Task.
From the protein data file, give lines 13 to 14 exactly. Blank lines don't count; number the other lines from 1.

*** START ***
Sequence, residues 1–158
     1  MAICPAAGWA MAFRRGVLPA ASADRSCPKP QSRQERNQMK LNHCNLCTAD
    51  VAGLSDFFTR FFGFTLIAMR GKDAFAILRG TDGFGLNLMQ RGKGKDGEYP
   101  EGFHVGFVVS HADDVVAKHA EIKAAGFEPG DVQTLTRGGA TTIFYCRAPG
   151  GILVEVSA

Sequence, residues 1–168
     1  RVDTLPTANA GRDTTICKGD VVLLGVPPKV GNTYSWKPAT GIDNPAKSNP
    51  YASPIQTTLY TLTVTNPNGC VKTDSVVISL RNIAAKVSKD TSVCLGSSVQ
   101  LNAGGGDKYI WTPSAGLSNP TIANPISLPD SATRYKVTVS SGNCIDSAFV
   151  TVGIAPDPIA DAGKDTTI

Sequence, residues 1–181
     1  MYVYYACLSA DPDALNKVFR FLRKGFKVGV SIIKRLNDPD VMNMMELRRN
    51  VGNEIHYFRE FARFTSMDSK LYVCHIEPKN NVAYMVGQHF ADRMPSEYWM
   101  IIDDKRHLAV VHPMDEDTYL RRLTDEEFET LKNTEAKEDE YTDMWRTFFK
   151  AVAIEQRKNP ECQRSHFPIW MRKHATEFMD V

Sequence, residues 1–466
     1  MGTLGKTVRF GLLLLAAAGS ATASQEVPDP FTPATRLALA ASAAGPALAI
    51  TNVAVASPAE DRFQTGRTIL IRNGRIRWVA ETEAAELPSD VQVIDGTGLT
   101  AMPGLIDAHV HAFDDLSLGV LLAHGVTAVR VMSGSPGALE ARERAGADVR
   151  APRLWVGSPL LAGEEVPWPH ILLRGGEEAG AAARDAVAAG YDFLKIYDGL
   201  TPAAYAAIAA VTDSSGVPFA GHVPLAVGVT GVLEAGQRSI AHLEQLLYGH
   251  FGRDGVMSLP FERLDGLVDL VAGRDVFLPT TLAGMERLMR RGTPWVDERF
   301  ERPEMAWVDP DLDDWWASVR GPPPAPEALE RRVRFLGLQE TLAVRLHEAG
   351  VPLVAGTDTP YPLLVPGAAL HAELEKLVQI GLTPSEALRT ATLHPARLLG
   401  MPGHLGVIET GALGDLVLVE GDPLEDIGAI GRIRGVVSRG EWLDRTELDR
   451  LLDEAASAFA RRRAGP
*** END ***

    51  VGNEIHYFRE FARFTSMDSK LYVCHIEPKN NVAYMVGQHF ADRMPSEYWM
   101  IIDDKRHLAV VHPMDEDTYL RRLTDEEFET LKNTEAKEDE YTDMWRTFFK